@font-face { font-family: "?? ??"; }@font-face { font-family: "Cambria Math"; }@font-face { font-family: "Cambria"; }p.MsoNormal, li.MsoNormal, div.MsoNormal { margin: 0in 0in 0.0001pt; font-size: 12pt; font-family: Cambria; }.MsoChpDefault { font-size: 10pt; font-family: Cambria; }div.WordSection1 { page: WordSection1; } The Earth’s lithosphere is the strong, ~100 km thick outer layer of the Earth, which controls the process of plate tectonics. Knowledge of the strength and mechanical properties of the lithosphere is essential to understanding how plate tectonics works, and why it is such a distinctive feature of our planet. The purpose of this project was to estimate the strength of the lithosphere in the region between 15 and 40 km depth. At these depths rocks are warm enough that they deform in a ductile fashion (much like slowly stretched silly putty) and the minerals became stretched and thinned, rather than breaking up along faults and fractures. We examined rocks from the Whipple Mountains in eastern California, and in the coastal region of southern Spain, which in both areas have been brought up from these depths to the surface. As these rocks approached the surface, they cooled down, and were affected by motion on the deep roots of brittle faults that extend downward from the surface. As a result, the rocks have preserved a record of the conditions they experienced as they moved from the warm, deep, and ductile lower crust through the bottom of the seismogenic (earthquake-producing) layer – the so called brittle-ductile transition. This project focused in particular on characterizing these rare exposures of the brittle-ductile transition. We used a suite of geological tools to quantify the temperature, pressure, depth, geometry, and mechanical strength in this region, in an effort to understand its mechanical behavior and its influence on the earthquake cycle. This work involved several visits to the two field areas, during which we made careful and detailed observations of the rock structure and composition, and collected samples for microstructural and laboratory analysis. Our results suggest that the rocks and structures both above and below the brittle-ductile transition are essentially strong, and that the middle crust is thus an important feature in controlling large-scale plate tectonics. During the course of the project, a female PhD student, Whitney Behr, received support and interdisciplinary training in Earth Science. Dr. Behr now holds an appointment at Assistant Professor level in the Jackson School of Geociences at the University of Texas at Austin. Several undergraduate students were also involved in the project as field assistants, and in one case as a research assistant working on the microstructure of some of our samples. Results of this project have been presented at numerous scientific conferences and several papers have been published in high impact peer-reviewed journals.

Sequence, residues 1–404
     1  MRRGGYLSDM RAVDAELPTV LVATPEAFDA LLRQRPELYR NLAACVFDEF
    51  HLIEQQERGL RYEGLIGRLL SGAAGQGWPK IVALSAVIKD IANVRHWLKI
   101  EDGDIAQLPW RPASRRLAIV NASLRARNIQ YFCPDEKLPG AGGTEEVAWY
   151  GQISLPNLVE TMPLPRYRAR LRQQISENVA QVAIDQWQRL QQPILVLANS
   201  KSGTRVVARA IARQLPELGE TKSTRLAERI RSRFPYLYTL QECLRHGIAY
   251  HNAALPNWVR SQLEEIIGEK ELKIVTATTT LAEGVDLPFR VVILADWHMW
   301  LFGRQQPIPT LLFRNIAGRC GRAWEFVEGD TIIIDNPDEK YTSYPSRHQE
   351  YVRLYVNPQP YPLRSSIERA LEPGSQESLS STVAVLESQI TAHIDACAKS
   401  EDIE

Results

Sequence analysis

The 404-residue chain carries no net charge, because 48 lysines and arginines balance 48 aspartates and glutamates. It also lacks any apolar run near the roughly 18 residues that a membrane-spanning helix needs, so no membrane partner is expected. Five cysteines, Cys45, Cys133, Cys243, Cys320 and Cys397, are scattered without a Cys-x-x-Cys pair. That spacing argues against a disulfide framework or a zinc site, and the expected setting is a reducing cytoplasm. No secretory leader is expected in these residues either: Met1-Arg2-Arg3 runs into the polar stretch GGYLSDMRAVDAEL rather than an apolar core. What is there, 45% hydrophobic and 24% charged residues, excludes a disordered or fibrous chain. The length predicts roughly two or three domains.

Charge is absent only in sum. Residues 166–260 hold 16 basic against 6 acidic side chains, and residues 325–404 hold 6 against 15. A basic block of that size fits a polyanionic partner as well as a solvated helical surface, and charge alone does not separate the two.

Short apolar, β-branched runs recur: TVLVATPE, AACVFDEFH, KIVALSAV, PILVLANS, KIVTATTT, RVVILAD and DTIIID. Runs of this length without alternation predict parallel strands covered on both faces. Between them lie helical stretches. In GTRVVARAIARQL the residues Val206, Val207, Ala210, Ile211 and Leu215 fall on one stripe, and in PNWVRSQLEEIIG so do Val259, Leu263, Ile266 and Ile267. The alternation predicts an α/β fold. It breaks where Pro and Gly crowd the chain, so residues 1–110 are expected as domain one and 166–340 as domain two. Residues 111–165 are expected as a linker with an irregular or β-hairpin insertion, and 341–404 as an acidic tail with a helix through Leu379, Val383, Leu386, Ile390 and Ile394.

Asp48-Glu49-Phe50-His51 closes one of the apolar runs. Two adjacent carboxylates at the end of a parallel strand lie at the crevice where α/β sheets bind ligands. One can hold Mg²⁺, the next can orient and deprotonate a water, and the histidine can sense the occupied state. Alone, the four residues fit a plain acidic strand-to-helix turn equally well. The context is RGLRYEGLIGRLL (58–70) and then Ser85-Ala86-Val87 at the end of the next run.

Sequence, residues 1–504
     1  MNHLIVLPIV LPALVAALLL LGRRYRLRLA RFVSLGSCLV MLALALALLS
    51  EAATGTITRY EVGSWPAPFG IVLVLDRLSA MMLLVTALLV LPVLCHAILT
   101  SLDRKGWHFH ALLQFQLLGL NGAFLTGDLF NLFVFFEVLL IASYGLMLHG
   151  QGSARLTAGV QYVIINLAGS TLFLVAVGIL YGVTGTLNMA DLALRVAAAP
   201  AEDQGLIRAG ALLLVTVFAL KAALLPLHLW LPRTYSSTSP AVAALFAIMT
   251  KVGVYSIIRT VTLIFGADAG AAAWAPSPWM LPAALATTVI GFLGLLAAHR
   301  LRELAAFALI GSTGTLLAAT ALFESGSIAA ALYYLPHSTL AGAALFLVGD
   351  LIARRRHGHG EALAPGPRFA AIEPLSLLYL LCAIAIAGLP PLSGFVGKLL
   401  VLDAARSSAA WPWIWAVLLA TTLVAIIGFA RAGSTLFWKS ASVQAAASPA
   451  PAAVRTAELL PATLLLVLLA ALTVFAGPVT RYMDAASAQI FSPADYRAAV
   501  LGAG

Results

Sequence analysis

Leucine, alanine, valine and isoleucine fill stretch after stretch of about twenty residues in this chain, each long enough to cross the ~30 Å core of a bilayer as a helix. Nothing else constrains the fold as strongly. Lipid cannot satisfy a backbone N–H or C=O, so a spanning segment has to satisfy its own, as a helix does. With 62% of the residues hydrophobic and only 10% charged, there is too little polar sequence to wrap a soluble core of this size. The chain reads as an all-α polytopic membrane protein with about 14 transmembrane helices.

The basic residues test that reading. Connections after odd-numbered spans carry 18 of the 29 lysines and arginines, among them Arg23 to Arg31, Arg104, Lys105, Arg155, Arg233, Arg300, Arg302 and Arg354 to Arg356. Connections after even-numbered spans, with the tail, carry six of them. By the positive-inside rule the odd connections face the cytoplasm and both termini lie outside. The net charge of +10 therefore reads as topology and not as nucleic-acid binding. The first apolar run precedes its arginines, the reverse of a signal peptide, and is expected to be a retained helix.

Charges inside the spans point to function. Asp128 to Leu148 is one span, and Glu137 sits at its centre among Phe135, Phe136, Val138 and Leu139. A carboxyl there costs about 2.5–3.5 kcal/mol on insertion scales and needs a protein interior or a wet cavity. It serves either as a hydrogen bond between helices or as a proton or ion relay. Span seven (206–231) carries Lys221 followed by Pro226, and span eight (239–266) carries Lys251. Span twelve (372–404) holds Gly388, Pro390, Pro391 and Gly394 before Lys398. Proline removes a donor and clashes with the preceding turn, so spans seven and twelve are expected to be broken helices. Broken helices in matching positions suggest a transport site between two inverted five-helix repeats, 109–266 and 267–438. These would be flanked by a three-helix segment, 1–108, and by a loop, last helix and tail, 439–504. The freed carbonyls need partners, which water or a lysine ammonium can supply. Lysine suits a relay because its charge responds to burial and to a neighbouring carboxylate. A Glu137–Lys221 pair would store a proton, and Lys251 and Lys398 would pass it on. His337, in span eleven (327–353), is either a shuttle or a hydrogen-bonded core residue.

National Science Foundation (NSF)
Division of Earth Sciences (EAR)
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Stephen S. Harlan
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University of Southern California
Los Angeles
United States